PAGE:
Does the Pauli exclusion principle instantaneously affect distant electrons?

According to Brian Cox in his A night with the Stars lecture$^1$, the Pauli exclusion principle means that no electron in the universe can have the same energy state as any other electron in the universe, and that if he does something to change the energy state of one group of electrons (rubbing a diamond to heat it up in his demo) then that must cause other electrons somewhere in the universe to change their energy states as the states of the electrons in the diamond change.

But when does this change occur? Surely if the electrons are separated by a significant gap then the change cannot be instant because information can only travel at the speed of light. Wouldn't that mean that if you changed the energy state of one electron to be the same as another electron that was some distance away, then surely the two electrons would be in the same state until the information that one other electron is in the same state reaches the other electron.

Or can information be transferred instantly from one place to another? If it can, then doesn't that mean it's not bound by the same laws as the rest of the universe?

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$^1$: The Youtube link keeps breaking, so here is a search on Youtube for Brian Cox' A Night with the Stars lecture.

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Could you give a reference? This sound rather dubious the way you state it here. –  leftaroundabout Dec 20 '11 at 11:51
Like I said, it came from Brian Cox's Evening With The Stars lecture. If you're in the UK you should still be able to see it on iPlayer. –  GordonM Dec 20 '11 at 12:00
As it says at blogs.scienceforums.net/swansont/archives/11081: ''Physics, tech and humor. Because science and learning are cool, and life's too short not to laugh.'' - In the present case, the physcis content is minimal, and a superficial misunderstanding is used for making people laugh. –  Arnold Neumaier Mar 5 '12 at 17:04
If two electrons are distant, then they can't occupying the same state. The state includes the position. –  Peter Shor Apr 17 '13 at 15:58

The Pauli exclusion principle can be stated as "two electrons cannot occupy the same energy state", but this is really only a rough way of stating it. It's more precise to say that the wavefunction of a system is anti-symmetric with respect to exchange of two electrons. The trouble is that now I have to explain to a non-physicist what "anti-symmetric" means and that's hard without going into the maths. I'll have a go at doing this below.

Anyhow, Brian Cox is being a bit liberal with the truth because I'm not sure it makes sense to say the electrons in his bit of diamond and electrons in far away bits of the universe can be described by a single wavefunction. If this isn't a good description then the Pauli exclusion principle doesn't have any meaning for the system.

Suppose you have two electrons in an atom or some other small system. Then that system is described by some wavefunction $\Psi(e_1, e_2)$ where I've used $e_1$ and $e_2$ to denote the two electrons. The Pauli exclusion principle states:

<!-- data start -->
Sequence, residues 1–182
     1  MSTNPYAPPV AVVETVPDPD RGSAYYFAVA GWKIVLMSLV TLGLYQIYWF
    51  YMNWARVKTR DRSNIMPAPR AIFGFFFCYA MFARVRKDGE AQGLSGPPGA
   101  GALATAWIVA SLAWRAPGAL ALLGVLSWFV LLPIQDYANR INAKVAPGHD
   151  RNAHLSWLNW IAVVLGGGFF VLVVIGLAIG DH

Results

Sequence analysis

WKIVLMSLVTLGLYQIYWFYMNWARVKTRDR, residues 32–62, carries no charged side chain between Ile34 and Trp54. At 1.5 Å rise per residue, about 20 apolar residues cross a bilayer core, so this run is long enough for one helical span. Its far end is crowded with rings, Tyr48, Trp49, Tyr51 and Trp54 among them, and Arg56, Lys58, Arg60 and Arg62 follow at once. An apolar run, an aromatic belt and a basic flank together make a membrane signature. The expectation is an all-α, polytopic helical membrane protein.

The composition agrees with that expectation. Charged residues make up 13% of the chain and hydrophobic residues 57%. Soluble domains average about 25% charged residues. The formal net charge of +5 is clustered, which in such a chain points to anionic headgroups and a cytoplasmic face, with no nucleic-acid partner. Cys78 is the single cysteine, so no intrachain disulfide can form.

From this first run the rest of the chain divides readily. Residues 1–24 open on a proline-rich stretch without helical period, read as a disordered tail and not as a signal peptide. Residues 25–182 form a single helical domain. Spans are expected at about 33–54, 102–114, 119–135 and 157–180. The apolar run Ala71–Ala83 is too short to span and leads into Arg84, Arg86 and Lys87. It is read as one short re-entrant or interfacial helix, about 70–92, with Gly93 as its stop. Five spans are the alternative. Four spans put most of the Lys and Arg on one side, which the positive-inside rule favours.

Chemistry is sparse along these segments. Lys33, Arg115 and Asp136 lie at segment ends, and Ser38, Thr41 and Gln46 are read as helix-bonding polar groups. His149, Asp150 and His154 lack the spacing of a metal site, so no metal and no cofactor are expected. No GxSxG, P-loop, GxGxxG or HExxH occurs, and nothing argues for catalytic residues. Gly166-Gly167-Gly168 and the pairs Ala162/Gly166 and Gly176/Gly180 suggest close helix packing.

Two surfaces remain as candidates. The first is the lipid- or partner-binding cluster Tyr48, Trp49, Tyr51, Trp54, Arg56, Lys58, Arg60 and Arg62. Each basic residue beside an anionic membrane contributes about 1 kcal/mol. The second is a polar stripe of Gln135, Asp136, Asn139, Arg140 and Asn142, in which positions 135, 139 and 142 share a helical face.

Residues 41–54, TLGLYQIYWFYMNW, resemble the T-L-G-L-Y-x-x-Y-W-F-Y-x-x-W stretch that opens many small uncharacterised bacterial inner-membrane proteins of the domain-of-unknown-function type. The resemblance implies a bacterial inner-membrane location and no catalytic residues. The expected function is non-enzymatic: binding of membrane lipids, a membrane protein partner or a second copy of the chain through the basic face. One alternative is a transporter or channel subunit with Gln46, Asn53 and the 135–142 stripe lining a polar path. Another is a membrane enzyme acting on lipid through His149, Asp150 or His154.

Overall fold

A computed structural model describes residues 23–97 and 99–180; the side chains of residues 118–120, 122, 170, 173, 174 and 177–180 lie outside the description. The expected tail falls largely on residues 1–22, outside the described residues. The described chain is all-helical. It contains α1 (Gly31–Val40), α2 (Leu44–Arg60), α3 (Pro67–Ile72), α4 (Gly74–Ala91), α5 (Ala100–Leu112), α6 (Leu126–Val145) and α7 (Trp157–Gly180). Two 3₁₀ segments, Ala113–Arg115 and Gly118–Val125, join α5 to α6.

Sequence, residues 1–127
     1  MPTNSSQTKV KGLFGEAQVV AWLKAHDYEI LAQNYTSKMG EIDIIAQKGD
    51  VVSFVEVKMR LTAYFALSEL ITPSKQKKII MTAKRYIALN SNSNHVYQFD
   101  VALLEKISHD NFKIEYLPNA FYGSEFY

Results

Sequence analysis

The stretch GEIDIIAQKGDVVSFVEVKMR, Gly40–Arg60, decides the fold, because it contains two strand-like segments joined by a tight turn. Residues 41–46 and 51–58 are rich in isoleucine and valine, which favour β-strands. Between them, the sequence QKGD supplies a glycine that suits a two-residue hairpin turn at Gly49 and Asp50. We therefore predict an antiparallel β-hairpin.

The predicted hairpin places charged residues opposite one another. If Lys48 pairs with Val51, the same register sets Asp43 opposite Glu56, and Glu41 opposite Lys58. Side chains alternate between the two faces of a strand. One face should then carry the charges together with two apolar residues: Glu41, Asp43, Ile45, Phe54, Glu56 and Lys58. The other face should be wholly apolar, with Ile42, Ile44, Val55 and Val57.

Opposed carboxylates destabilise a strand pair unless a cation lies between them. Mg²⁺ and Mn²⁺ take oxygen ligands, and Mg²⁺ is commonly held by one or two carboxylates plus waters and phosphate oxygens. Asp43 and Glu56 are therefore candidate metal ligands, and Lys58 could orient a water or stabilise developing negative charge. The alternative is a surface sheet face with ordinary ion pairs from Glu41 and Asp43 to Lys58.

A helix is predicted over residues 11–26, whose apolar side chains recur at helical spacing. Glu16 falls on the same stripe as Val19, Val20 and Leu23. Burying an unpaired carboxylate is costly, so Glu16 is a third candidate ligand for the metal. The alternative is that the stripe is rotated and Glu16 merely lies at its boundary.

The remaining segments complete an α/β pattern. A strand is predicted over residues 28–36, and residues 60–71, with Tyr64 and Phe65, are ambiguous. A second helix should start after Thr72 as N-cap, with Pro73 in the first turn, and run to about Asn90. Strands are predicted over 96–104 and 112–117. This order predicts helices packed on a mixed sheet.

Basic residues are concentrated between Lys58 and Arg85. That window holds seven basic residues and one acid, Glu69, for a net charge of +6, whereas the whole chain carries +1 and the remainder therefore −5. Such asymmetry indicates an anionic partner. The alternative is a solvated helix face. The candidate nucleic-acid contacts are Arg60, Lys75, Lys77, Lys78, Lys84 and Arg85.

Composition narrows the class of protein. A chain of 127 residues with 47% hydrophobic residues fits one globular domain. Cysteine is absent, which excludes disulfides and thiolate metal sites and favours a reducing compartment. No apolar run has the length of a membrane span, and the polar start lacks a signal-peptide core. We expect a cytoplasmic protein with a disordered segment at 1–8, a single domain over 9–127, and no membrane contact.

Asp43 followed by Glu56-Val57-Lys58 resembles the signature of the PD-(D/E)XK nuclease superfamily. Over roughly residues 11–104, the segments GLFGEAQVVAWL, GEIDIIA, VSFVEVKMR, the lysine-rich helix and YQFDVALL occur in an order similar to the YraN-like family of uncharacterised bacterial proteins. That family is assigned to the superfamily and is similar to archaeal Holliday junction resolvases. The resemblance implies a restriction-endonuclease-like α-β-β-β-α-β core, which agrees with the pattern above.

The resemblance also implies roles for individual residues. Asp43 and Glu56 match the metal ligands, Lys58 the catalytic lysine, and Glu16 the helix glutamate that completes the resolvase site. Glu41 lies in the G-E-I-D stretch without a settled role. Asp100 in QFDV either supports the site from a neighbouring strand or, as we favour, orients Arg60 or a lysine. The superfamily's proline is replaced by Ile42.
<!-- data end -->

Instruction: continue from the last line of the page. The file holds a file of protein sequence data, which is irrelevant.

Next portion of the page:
$$\Psi(e_1, e_2) = -\Psi(e_2, e_1)$$

that is if you swap the two electrons $\Psi$ changes to $-\Psi$. But suppose the two electrons were exactly the same. In that case swapping the electrons cannot change $\Psi$ because they're identical. So we'd have:

$$\Psi(e_1, e_2) = \Psi(e_2, e_1)$$

but the exclusion principle states:

$$\Psi(e_1, e_2) = -\Psi(e_2, e_1)$$

therefore if both are true:

$$\Psi(e_2, e_1) = -\Psi(e_2, e_1)$$ ie $$\Psi = -\Psi$$

The only way you can have $\Psi = -\Psi$ is if $\Psi$ is zero, which means $\Psi$ doesn't exist. This is why if the Pauli exclusion is true, two electrons can't be identical i.e. they can't be in the same energy state.

But this only applies because I could write down a wavefunction $\Psi$ to describe the system. When systems become large, e.g. two footballs in a swimming pool instead of two electrons in an atom, it isn't useful to try and write a wavefunction to describe the system and the exclusion principle doesn't apply. NB this doesn't mean the exclusion principle is wrong, it just means it doesn't apply to that system.

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The answer is nonsense. The wave function of two electrons is not a function of the electrons but a function of their position. Moreover, a sign change in a wave function is irrelevant as this only changes the phase, not the probability amplitude. Thus the argument is spurious and misleading. –  Arnold Neumaier Mar 5 '12 at 17:04
@ArnoldNeumaier: you'll find exactly this argument in any graduate textbook on quantum mechanics –  John Rennie Mar 5 '12 at 17:18
...but surely not phrased in this sloppy way. You conclusion that the pauli principle doesn't apply to large systems is also wrong. It still applies, though there are so many states anyway that it is already impossible for practical reasons to create identical states, so that the Pauli principle adds no new information. –  Arnold Neumaier Mar 5 '12 at 17:41
I agree that this could use an edit. e1 and e2 should be electron positions not electrons, but moreover "Suppose the two electrons were exactly the same" is not very clear... do you mean that the two-particle state is a product of two of the same single-electron state? E.g. Psi(x,y) = psi(x)psi(y)? The exclusion principle indicates that such states are forbidden for fermions, whereas psi1(x)psi2(y) - psi2(x)psi1(y) would be allowed. I assume that's what you're getting at, but it's not very clear. –  Tim Goodman Aug 15 '12 at 19:49
This answer does need to be cleaned up...perhaps Arnold could edit it to properly represent the wavefunction's antisymmetry as a function of position with concise definitions about what "exchanging electrons" is. My graduate class on the subject did use position, but in my opinion didn't define very well mathematically what "exchanging electrons" was... –  daaxix Jan 29 '13 at 18:12

Cox said that when he heats the diamond every electron in the universe shifts energy levels instantly to respect the Pauli Exclusion Principle. The problem here is not that he is talking about energy levels. The set of levels is a set of eigensates of the hamiltonian and the fact that some of them are degenerate does not invalidate what he said. In fact his diagrams showed different spin states at the same energy level so he was making this evident.